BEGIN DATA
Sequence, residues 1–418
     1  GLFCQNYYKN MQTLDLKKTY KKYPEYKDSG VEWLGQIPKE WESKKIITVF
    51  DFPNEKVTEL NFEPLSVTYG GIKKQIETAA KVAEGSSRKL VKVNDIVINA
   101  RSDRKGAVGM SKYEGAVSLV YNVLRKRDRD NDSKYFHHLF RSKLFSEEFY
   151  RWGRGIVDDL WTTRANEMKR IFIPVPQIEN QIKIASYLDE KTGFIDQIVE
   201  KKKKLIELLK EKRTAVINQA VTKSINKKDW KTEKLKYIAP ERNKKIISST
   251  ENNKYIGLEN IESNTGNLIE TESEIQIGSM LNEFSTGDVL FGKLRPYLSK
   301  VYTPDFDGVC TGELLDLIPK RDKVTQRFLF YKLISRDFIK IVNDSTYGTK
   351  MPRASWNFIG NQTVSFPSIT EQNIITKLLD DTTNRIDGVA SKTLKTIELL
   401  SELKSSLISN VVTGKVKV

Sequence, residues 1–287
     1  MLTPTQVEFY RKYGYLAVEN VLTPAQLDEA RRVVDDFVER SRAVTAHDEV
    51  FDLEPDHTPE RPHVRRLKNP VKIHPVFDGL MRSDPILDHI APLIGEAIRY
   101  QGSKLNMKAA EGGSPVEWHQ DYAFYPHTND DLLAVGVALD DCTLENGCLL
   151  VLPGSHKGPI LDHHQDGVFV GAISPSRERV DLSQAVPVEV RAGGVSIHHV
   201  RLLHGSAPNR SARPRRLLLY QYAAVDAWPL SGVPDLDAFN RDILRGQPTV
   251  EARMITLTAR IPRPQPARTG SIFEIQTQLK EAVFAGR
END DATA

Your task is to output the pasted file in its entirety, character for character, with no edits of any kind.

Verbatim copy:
Sequence, residues 1–418
     1  GLFCQNYYKN MQTLDLKKTY KKYPEYKDSG VEWLGQIPKE WESKKIITVF
    51  DFPNEKVTEL NFEPLSVTYG GIKKQIETAA KVAEGSSRKL VKVNDIVINA
   101  RSDRKGAVGM SKYEGAVSLV YNVLRKRDRD NDSKYFHHLF RSKLFSEEFY
   151  RWGRGIVDDL WTTRANEMKR IFIPVPQIEN QIKIASYLDE KTGFIDQIVE
   201  KKKKLIELLK EKRTAVINQA VTKSINKKDW KTEKLKYIAP ERNKKIISST
   251  ENNKYIGLEN IESNTGNLIE TESEIQIGSM LNEFSTGDVL FGKLRPYLSK
   301  VYTPDFDGVC TGELLDLIPK RDKVTQRFLF YKLISRDFIK IVNDSTYGTK
   351  MPRASWNFIG NQTVSFPSIT EQNIITKLLD DTTNRIDGVA SKTLKTIELL
   401  SELKSSLISN VVTGKVKV

Sequence, residues 1–287
     1  MLTPTQVEFY RKYGYLAVEN VLTPAQLDEA RRVVDDFVER SRAVTAHDEV
    51  FDLEPDHTPE RPHVRRLKNP VKIHPVFDGL MRSDPILDHI APLIGEAIRY
   101  QGSKLNMKAA EGGSPVEWHQ DYAFYPHTND DLLAVGVALD DCTLENGCLL
   151  VLPGSHKGPI LDHHQDGVFV GAISPSRERV DLSQAVPVEV RAGGVSIHHV
   201  RLLHGSAPNR SARPRRLLLY QYAAVDAWPL SGVPDLDAFN RDILRGQPTV
   251  EARMITLTAR IPRPQPARTG SIFEIQTQLK EAVFAGR